Agitation Prevalence in People with Dementia in Australian Residential Aged Care Facilities: Findings from Machine Learning of Electronic Health Records

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Journal of Gerontological Nursing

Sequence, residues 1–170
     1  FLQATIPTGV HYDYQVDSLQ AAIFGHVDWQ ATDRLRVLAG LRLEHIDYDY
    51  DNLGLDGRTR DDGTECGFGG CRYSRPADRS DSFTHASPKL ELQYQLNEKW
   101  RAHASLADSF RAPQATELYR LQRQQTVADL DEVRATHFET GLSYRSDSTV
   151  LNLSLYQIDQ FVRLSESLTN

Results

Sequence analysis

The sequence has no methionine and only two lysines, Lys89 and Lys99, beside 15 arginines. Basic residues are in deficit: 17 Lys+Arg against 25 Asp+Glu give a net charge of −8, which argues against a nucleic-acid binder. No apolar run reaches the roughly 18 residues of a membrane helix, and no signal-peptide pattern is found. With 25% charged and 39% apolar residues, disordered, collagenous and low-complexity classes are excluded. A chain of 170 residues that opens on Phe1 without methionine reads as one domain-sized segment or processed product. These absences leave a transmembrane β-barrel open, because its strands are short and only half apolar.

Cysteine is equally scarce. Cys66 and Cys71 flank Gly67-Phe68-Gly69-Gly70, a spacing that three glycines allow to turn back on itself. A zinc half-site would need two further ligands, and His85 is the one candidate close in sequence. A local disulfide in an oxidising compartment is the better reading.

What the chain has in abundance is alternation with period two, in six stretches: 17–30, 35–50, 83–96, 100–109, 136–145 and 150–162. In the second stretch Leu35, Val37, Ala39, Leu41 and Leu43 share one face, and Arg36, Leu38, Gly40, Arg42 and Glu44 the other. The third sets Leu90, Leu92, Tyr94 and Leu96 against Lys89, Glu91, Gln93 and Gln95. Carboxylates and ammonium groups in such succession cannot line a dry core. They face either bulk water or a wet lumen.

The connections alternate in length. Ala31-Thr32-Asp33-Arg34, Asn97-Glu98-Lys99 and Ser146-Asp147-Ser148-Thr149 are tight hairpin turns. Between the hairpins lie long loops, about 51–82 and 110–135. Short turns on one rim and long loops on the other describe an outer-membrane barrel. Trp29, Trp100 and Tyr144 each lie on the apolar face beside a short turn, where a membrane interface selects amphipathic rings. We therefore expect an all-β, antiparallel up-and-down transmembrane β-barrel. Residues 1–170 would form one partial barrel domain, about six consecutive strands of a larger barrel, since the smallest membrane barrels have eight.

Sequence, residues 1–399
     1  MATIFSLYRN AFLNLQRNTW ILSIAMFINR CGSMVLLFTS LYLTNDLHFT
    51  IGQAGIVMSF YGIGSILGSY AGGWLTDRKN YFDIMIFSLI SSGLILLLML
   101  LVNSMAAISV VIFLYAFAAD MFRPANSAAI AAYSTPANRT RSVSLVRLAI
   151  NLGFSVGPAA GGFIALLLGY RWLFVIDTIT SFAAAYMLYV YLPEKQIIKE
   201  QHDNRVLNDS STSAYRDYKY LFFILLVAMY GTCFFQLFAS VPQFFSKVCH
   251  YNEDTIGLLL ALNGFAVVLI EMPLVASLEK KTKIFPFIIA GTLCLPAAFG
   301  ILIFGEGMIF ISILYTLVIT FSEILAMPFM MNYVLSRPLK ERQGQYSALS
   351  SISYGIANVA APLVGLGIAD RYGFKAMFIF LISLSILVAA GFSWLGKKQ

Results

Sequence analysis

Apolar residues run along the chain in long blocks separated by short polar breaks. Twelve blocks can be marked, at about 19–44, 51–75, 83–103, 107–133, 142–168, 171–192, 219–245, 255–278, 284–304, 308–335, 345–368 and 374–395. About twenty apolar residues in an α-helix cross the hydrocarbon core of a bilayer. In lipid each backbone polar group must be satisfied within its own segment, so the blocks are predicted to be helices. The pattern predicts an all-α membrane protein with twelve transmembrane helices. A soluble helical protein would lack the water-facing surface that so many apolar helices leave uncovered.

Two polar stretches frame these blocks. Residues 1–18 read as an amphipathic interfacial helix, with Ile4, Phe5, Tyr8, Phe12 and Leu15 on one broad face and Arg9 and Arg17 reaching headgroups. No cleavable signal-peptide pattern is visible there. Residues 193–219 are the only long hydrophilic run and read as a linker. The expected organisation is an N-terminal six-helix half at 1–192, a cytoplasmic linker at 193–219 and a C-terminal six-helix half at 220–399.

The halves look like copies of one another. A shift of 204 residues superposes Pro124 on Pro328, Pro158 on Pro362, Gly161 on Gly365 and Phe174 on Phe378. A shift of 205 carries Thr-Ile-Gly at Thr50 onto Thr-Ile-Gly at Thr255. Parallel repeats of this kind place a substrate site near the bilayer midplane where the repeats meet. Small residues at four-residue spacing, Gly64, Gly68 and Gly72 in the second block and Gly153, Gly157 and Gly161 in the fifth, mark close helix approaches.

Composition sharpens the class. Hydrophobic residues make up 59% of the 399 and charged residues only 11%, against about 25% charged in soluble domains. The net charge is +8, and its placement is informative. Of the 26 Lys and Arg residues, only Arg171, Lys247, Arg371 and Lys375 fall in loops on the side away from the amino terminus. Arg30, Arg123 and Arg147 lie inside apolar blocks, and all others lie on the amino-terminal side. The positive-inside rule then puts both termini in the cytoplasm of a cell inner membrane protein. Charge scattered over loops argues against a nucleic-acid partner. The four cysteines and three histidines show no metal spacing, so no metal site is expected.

Using a suite of artificial intelligence technologies, the current study sought to determine the prevalence of agitated behaviors in people with dementia in residential aged care facilities (RACFs) in Australia. Computerized natural language processing allowed extraction of agitation instances from the free-text nursing progress notes, a component of electronic health records in RACFs. In total, 59 observable agitated behaviors were found. No difference was found in dementia prevalence between female and male clients (44.1%), across metropolitan and regional facilities (42.1% [SD = 17.9%]), or for agitation prevalence in dementia (76.5% [SD = 18.4%]). The top 10 behaviors were resisting, wandering, speaking in excessively loud voice, pacing, restlessness, pushing, shouting, complaining, frustration, and using profane language. Four to 17 agitated behaviors coexisted in 53% of people with dementia agitation, indicating high caregiver burden in these RACFs. Improving workforce training and redesigning care models are urgent for sustainability of dementia care in RACFs.

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